The future of work has been praised as a split schedule between remote and office time. However, some employees have never been so worn out because of this hybrid setup.

It was originally a comfort to have a permanent hybrid setup, according to Klara, whose last name is being withheld due to worries about her job security. She felt as though she finally had control over her hectic home life and busy job schedule after years of full-time office work. But as the months passed, the novelty of hybrid employment quickly gave way to annoyance and an uncomfortable one-day-in, one-day-out schedule. According to Klara, on the days that she worked from home, she felt at ease and concentrated. But towards the end of the day, she dreads going back to work because it involves spending eight hours a day at a desk in a noisy office, gazing at a screen, and getting used to life before Covid. Klara feels as though she must now maintain two workplaces: one at the office and one at home. The daily psychological shift—the change in environment—is what makes it so exhausting; she constantly feels uneasy and anxious, and her otherwise productive homework is constantly interrupted.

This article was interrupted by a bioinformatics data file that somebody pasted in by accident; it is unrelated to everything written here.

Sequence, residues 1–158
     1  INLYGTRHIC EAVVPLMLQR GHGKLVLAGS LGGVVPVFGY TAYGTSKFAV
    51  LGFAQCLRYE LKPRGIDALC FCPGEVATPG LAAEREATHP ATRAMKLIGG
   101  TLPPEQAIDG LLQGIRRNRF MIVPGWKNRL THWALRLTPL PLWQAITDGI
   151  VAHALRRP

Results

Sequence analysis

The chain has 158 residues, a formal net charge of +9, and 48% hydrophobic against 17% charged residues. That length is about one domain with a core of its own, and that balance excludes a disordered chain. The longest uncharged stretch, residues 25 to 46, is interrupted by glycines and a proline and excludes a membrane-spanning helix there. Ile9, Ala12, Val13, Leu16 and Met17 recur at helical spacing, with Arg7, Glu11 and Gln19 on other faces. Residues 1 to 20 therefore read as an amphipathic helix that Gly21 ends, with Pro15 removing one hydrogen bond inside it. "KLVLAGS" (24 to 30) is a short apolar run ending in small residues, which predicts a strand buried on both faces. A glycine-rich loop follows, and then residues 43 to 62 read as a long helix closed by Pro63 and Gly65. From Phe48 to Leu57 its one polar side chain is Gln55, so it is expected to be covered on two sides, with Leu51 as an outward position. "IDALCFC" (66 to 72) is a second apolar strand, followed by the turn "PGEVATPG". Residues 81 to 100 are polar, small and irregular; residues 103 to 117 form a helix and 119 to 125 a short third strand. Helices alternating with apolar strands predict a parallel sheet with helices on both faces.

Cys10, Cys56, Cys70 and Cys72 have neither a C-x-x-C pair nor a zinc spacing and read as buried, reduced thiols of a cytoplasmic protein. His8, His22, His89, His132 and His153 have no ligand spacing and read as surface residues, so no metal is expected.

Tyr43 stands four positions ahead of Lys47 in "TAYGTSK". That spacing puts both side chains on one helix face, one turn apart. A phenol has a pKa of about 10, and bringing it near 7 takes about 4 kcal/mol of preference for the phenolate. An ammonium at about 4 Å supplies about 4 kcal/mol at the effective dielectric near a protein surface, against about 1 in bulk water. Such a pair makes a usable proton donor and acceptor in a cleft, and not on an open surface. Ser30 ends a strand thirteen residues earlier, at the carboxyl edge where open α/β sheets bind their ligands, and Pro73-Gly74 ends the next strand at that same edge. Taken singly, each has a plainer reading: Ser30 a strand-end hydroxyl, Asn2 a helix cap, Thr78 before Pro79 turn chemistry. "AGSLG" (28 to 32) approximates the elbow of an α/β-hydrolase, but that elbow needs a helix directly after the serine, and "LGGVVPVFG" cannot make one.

Such anecdotal evidence is starting to be supported by new facts, which show that many employees find hybrids emotionally taxing. More than 80% of executives said such a setup was taxing on staff in a recent global poll by employee engagement platform TINYpulse. Employees claimed hybrid arrangements were more emotionally draining than purely remote ones, and worrisomely, even full-time office work.